Today as I was resting and relaxing I reminisced a bit about the jobs I have held over the years. The list as I remember it includes several part time and summer jobs, beginning with a paper route in the 6th grade. My mother and sister helped quite a bit through my sophmore year when we finally gave it up. It was an evening paper and I had practice after school for one sport or another all through school, so my responsibility was primarily summers, weekends, and collecting; they did a good job with my paper route...
There were also the occasional odd jobs - lawn mowing, fence painting, etc until the spring of my sophmore year when I began working after school and on weekends at the garden center of the area's largest florist. That summer I worked at the nursery owned by the florist for $1.85 an hour - minimum wage was $2 but they had an agricultural exemption to pay less...I also sold Christmas trees and delivered flowers after I got my drivers license. The following summer I was set to work again on the farm(nursery) and had actually worked for a week when I was informed that I would be required to pay union dues - a good idea run amok. Labor unions have served an important function for the workers in this country, but have at times gotten a little carried away; this was one of those times - I was a high school kid working a summer job for less than minimum wage, would receive no benefit, and would have to forfeit my first 2 weeks earnings to the union. In the righteous indignation of youth I refused, and no longer had a summer job. A couple of days later I found a job for the summer with a home builder for more than minimum wage and spent the summer as a laborer helping build a house.
Beginning the summer after high school graduation I worked as a summer laborer for the gas company each summer until I graduated from college. I also worked in the university media center, at a Bonanza restaurant, and later as a stockboy at a pharmacy while I was going to school. The summer after I graduated from college I worked as a teachers aide in a migrant head start program and umpired little league baseball. The next school year I got my Masters while working as a graduate assistant and part time as a custodian at the College Church. After graduating with my Masters degree I spent the summer working in a plastics factory until I started my coaching/teaching career in the fall.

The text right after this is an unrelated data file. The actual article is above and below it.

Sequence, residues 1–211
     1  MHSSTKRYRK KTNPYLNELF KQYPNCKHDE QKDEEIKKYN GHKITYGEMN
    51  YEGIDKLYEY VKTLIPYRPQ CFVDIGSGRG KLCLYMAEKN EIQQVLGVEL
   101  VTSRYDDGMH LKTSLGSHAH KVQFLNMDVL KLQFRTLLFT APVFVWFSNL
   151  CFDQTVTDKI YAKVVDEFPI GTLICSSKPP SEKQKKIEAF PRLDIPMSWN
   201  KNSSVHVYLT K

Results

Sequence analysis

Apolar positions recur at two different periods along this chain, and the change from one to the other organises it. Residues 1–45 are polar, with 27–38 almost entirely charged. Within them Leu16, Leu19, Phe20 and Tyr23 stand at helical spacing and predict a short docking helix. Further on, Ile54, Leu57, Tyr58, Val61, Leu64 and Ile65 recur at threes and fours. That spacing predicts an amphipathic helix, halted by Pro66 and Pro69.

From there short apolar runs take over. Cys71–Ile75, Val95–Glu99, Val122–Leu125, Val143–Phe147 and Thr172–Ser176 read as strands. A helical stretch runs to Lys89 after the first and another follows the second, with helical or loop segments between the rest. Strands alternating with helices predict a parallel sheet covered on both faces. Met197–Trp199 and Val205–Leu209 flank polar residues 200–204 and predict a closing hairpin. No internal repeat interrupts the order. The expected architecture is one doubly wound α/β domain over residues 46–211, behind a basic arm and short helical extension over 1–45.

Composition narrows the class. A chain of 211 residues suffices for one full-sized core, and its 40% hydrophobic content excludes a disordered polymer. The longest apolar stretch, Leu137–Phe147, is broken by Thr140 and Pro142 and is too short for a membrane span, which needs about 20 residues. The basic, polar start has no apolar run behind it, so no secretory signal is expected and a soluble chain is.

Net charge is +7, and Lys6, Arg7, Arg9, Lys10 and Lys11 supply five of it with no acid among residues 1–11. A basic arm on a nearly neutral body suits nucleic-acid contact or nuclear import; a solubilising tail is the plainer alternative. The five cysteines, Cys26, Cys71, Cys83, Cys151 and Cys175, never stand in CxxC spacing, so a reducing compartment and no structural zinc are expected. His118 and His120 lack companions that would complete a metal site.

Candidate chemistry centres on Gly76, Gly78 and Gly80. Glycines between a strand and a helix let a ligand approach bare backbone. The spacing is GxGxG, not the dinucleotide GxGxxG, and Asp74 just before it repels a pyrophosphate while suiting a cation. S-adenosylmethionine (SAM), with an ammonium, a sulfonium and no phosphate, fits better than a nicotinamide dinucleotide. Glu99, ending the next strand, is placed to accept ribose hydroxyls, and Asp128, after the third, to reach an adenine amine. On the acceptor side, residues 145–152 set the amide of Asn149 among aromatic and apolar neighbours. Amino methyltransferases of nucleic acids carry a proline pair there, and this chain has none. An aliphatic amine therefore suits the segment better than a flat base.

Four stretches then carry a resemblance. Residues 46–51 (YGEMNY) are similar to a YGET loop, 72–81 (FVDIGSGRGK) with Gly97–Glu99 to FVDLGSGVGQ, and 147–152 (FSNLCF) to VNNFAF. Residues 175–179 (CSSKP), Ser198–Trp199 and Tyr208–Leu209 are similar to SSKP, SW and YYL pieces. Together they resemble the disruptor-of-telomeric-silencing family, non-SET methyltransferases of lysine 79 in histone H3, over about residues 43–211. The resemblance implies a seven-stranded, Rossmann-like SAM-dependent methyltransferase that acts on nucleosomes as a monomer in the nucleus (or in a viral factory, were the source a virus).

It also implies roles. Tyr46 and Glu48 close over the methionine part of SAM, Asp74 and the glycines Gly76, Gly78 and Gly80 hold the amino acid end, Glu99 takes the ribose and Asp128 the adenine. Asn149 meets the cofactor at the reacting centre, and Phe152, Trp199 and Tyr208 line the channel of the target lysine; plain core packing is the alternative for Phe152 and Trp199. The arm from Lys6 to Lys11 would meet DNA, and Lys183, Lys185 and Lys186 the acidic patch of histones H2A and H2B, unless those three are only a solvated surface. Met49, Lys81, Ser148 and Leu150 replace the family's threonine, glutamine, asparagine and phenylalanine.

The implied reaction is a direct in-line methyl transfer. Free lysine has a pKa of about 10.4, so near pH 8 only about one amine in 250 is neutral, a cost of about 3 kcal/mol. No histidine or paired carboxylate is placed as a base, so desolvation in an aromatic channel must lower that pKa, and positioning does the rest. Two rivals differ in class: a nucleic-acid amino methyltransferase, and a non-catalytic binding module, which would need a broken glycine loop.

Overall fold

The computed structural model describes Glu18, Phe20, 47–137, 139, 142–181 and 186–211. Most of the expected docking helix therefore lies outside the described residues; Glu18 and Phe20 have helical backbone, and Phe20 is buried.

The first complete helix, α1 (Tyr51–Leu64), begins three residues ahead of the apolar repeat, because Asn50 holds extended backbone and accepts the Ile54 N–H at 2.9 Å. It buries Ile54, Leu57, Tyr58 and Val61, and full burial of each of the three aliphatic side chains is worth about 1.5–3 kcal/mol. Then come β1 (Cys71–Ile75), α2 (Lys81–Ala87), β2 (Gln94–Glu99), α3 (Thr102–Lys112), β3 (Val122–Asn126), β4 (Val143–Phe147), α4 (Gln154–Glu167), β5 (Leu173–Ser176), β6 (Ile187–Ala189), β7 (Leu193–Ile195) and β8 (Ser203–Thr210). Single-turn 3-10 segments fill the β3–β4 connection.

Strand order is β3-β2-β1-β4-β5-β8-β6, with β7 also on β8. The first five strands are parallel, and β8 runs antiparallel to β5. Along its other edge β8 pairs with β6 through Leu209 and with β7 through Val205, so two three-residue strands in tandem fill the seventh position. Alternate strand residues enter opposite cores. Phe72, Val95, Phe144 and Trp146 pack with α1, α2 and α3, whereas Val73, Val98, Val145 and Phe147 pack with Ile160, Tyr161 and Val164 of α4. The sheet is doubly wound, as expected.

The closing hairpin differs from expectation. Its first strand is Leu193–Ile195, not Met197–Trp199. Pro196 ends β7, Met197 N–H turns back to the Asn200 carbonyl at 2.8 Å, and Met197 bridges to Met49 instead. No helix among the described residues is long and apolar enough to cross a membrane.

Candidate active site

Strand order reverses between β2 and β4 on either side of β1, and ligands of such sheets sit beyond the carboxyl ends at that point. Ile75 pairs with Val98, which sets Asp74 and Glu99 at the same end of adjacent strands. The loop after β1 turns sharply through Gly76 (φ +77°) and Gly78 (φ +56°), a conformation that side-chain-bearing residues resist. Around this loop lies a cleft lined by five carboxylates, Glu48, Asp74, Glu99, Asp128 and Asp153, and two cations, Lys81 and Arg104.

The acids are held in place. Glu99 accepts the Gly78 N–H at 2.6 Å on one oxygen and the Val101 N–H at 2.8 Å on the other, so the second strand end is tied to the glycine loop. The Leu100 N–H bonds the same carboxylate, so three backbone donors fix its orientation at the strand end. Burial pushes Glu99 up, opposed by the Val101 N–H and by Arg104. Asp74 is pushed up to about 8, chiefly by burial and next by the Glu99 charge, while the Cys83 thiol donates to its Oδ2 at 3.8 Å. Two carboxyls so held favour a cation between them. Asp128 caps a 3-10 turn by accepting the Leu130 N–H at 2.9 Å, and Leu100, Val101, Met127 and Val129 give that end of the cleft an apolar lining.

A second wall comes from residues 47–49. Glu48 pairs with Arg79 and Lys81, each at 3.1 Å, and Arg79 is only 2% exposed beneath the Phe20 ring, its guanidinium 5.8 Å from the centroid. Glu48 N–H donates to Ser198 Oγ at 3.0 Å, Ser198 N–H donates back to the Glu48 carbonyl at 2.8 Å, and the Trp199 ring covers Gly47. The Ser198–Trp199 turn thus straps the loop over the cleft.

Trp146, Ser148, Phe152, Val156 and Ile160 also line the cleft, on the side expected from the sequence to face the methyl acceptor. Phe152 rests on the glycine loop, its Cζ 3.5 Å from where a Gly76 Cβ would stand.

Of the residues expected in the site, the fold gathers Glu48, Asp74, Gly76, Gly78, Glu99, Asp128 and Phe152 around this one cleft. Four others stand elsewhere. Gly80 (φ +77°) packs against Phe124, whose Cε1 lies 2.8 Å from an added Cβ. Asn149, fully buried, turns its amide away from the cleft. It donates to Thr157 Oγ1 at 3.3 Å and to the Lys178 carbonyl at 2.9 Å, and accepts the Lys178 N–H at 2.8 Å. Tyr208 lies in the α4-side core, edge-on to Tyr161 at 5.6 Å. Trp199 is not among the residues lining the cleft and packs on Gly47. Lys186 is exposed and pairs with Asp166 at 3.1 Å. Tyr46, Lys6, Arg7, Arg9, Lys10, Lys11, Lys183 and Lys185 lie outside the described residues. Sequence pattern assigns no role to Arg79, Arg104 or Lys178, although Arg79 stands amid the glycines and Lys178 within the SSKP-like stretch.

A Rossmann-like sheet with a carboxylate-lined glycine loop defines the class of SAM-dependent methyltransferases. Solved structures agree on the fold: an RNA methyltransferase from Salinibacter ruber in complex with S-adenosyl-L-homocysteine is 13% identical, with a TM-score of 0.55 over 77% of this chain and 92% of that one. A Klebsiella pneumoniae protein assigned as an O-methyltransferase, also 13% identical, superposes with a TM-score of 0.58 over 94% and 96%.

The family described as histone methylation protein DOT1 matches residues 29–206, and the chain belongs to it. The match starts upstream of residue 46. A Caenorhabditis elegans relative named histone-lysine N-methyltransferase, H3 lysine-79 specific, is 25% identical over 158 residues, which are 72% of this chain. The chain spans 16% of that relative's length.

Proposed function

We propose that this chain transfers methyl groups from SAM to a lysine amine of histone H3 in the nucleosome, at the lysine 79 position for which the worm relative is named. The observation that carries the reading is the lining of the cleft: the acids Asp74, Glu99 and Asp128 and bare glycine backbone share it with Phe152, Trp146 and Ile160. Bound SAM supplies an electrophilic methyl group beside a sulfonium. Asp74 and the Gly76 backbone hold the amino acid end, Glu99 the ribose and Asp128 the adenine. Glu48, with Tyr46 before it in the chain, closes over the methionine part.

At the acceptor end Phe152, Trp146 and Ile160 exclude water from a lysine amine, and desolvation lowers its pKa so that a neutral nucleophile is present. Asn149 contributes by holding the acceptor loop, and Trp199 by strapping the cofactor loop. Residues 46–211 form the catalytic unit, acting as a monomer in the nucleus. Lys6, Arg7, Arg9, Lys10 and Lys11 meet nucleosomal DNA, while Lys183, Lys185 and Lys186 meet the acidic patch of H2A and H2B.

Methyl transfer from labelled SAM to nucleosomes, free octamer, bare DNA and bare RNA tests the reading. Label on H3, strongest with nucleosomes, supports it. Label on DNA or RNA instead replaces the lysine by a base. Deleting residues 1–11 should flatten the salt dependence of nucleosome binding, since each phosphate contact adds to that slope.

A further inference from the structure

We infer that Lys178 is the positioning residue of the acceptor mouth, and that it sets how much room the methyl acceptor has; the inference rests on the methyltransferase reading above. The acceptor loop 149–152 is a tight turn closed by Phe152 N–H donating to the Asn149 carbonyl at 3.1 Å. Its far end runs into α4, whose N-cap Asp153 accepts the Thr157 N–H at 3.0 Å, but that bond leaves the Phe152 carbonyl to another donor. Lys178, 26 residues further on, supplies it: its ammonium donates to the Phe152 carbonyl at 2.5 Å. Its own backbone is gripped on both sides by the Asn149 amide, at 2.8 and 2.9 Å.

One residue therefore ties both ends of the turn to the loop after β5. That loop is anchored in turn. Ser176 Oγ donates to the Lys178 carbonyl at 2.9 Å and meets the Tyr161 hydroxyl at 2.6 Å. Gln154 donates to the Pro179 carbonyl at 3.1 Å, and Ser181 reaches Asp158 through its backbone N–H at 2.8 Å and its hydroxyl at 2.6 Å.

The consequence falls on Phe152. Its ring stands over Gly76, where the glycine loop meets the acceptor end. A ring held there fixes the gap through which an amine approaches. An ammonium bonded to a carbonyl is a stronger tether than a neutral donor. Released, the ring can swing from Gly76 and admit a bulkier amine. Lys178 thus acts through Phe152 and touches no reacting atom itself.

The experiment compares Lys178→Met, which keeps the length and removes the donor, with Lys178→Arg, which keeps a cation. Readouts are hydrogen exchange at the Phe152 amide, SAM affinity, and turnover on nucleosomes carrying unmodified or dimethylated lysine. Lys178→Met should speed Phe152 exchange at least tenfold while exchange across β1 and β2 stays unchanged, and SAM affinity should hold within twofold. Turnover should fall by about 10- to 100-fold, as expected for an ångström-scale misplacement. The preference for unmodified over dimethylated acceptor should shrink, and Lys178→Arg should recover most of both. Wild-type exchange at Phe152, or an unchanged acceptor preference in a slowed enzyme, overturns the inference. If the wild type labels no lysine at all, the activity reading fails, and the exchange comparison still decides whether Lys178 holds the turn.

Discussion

I worked in a lot of different conditions during all these part time jobs. Some jobs were physically exhausting, some consisted of mind numbing repetitive tasks, some involved interactions with customers. There were lessons to be learned in all of them, but I think the most valuable is the importance of how you treat people. Whether employer, employee, customer, or co-worker, to treat others as you would want to be treated is one of the teachings of Jesus that applies to any situation.
I also worked for a number of bosses and experienced a wide range of effectiveness and ineffectiveness. The most effective have been those who treat subordinates with dignity and respect, provide a clear expectation of the tasks to be accomplished, and to the degree within their control provide the resources or tools to accomplish the task. And did I mention treat people with dignity and respect? I have been somebody's boss for most of my career; I haven't always done a good job on the expectations part, and sometimes have not provided adequate resources, but I have always tried to treat everyone with dignity and respect.